With BMW showing off their Vision Next 100 concept in March, and the in-your-face overstatement Rolls-Royce 103EX continuing the theme yesterday, it was easy to overlook the Mini Vision Next 100 that was also shown in London yesterday. While the BMW is focused on driving, and the Rolls is focused on luxury, the Mini is focused on the shared economy model. It's looking at a future where car sharing is the norm. But that doesn't mean that everyone drives the same car. Sort of. You drive the same car, but it morphs according to the wishes of each person who borrows it.
The trick for car-makers in a car sharing world is to maintain a brand image when ownership is devalued. A car becomes a commodity, like Kleenex versus "facial tissue". Dr Ian Robertson, BMW board member suggests a car that could re-skin itself between borrowers. The cars would know what you want for suspension settings, or radio presets. Holger Hampf, head of user experience for BMW suggests "we could easily turn it into a John Cooper Works if that's what you prefer." The car also uses materials that will change with age like brass, and porous wood. The aging of the materials suggests a personality to each car, and provides something tangible. Aged brass looking much better after three years than a scuffed and scratched iPhone.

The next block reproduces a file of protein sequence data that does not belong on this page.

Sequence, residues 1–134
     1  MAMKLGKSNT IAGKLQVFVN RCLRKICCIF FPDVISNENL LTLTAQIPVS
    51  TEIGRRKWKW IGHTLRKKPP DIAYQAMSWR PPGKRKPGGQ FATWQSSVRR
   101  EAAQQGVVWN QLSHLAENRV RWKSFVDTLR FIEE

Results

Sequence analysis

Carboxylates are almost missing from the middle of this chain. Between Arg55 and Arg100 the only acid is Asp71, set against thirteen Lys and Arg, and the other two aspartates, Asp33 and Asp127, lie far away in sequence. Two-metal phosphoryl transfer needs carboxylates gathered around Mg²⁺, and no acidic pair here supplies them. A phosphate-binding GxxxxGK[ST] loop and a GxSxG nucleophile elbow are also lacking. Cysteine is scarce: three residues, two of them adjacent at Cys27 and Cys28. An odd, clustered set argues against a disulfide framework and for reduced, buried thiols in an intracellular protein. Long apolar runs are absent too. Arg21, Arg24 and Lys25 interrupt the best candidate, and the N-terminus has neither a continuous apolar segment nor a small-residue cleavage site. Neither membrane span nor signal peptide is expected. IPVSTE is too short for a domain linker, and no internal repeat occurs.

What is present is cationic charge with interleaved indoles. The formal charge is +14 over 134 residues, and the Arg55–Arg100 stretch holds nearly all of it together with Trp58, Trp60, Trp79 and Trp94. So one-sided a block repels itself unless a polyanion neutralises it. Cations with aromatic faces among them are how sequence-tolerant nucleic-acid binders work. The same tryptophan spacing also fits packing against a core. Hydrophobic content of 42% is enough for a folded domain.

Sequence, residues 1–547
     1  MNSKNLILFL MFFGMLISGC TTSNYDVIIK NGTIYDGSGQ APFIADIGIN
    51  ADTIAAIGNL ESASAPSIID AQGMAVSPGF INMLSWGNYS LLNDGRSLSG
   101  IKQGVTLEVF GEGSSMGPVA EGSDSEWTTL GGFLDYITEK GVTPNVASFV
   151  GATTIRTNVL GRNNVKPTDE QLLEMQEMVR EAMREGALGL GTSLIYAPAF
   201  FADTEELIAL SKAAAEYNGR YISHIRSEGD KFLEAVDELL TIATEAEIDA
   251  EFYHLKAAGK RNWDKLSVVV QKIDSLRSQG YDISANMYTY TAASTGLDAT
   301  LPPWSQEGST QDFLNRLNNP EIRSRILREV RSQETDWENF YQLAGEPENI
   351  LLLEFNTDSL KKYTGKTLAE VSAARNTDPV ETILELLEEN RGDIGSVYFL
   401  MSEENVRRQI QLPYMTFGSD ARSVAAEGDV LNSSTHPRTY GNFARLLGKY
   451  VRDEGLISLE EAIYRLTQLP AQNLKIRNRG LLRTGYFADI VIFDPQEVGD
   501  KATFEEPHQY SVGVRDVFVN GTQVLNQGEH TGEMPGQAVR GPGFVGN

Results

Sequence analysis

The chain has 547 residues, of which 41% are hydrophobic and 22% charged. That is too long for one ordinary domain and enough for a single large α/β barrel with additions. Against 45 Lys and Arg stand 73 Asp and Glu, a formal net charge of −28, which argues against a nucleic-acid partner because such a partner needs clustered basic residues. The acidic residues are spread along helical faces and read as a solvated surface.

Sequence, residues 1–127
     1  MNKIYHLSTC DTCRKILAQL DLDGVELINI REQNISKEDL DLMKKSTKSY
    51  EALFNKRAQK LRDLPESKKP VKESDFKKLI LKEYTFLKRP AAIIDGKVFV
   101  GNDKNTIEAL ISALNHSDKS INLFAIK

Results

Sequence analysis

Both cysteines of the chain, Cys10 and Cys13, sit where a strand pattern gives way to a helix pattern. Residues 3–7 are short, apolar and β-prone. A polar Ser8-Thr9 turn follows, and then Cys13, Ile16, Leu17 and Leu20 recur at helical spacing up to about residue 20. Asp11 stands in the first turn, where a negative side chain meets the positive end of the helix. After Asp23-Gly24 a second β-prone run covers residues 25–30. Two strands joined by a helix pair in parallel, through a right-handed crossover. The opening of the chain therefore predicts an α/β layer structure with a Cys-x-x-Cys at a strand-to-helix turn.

Their ideal of a shared car that is still yours is nothing short of ambitious. The job for the marketers is almost as much of a challenge as for the engineers. This concept car knows your schedule, it knows what you like. It has a display they call the Cooperizer that shows your configuration, changes colour to talk to you, and lets you change everything on the fly. Even the power levels. They've even added a trick Inspire Me button that could be setup to send you on a fun drive, show you art from an exhibition you've seen recently, or even change the configuration to one provided by a friend. Of the three concepts BMW has shown, this may be the most pie in the sky.